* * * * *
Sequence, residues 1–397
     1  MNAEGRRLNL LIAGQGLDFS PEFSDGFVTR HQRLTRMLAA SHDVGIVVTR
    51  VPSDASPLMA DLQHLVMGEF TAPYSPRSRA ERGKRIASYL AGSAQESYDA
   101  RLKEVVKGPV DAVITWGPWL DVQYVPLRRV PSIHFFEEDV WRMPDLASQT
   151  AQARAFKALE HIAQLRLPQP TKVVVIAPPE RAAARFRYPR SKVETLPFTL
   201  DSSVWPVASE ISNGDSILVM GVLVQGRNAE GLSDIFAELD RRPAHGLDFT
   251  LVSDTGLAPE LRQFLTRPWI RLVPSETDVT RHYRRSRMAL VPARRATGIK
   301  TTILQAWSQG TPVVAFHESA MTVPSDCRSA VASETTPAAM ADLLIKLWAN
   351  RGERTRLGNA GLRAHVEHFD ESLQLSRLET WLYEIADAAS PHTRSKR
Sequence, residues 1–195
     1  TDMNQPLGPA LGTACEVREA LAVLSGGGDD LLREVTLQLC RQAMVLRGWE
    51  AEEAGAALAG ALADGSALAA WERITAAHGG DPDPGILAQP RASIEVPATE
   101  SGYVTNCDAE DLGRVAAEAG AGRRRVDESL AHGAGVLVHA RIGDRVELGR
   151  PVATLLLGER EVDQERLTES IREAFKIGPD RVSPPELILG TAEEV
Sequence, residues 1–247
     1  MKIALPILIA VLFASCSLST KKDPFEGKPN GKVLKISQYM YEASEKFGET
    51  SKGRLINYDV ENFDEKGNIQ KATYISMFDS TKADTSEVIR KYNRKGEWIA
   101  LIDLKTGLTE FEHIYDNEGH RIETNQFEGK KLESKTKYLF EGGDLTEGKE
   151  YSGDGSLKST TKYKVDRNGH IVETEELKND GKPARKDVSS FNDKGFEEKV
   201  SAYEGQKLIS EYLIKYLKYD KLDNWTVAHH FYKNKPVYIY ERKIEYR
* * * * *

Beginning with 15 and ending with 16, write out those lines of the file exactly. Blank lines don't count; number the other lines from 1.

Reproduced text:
Sequence, residues 1–247
     1  MKIALPILIA VLFASCSLST KKDPFEGKPN GKVLKISQYM YEASEKFGET